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Int J Radiat Oncol Biol Phys. 2014 May 1;89(1):206-13. doi: 10.1016/j.ijrobp.2014.01.011.

Impact of millimeter-level margins on peripheral normal brain sparing for gamma knife radiosurgery.

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Department of Radiation Oncology, University of California, San Francisco, California. Electronic address:
Department of Radiation Oncology, Sunnybrook Health Sciences Odette Cancer Centre, University of Toronto, Toronto, Ontario, Canada.
Department of Radiation Oncology, University of California, San Francisco, California.



To investigate how millimeter-level margins beyond the gross tumor volume (GTV) impact peripheral normal brain tissue sparing for Gamma Knife radiosurgery.


A mathematical formula was derived to predict the peripheral isodose volume, such as the 12-Gy isodose volume, with increasing margins by millimeters. The empirical parameters of the formula were derived from a cohort of brain tumor and surgical tumor resection cavity cases (n=15) treated with the Gamma Knife Perfexion. This was done by first adding margins from 0.5 to 3.0 mm to each individual target and then creating for each expanded target a series of treatment plans of nearly identical quality as the original plan. Finally, the formula was integrated with a published logistic regression model to estimate the treatment-induced complication rate for stereotactic radiosurgery when millimeter-level margins are added.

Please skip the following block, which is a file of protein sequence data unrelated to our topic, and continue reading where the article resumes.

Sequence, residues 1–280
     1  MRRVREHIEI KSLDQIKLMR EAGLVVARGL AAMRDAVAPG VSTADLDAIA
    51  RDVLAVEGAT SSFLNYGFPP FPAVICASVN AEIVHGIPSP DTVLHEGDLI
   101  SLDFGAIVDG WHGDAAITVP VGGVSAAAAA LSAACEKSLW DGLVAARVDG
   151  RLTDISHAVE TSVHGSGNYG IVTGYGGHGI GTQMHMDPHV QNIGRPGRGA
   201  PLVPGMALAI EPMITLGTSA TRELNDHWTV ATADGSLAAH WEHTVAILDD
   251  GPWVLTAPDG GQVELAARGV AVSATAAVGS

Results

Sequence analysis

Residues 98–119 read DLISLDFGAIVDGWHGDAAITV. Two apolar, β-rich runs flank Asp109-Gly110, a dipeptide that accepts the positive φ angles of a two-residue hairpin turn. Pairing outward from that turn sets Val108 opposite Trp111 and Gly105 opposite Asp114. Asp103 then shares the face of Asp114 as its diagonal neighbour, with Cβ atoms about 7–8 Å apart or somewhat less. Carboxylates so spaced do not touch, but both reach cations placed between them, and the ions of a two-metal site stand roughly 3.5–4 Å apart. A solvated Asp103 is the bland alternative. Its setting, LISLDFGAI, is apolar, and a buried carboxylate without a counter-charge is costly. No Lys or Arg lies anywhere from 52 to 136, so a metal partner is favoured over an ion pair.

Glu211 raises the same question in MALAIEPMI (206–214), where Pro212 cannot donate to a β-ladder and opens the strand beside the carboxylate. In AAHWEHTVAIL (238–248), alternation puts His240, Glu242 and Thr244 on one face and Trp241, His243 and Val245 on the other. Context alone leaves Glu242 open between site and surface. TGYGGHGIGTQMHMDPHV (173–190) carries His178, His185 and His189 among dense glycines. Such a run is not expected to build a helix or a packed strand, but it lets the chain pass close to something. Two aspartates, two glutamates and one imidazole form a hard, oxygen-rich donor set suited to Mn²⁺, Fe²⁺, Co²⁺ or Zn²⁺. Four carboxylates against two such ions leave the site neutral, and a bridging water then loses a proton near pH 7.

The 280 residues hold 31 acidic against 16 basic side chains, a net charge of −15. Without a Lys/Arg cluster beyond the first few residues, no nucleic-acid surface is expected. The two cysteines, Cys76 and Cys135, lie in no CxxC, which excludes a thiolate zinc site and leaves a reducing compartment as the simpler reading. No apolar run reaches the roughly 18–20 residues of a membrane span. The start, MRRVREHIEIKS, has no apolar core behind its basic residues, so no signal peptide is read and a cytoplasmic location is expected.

Confirmatory correlation between the nominal target radius (ie, RT) and commonly used maximum target size was found for the studied cases, except for a few outliers. The peripheral isodose volume such as the 12-Gy volume was found to increase exponentially with increasing Δ/RT, where Δ is the margin size. Such a curve fitted the data (logarithmic regression, R(2) >0.99), and the 12-Gy isodose volume was shown to increase steeply with a 0.5- to 3.0-mm margin applied to a target. For example, a 2-mm margin on average resulted in an increase of 55% ± 16% in the 12-Gy volume; this corresponded to an increase in the symptomatic necrosis rate of 6% to 25%, depending on the Δ/RT values for the target.


Millimeter-level margins beyond the GTV significantly impact peripheral normal brain sparing and should be applied with caution. Our model provides a rapid estimate of such an effect, particularly for large and/or irregularly shaped targets.

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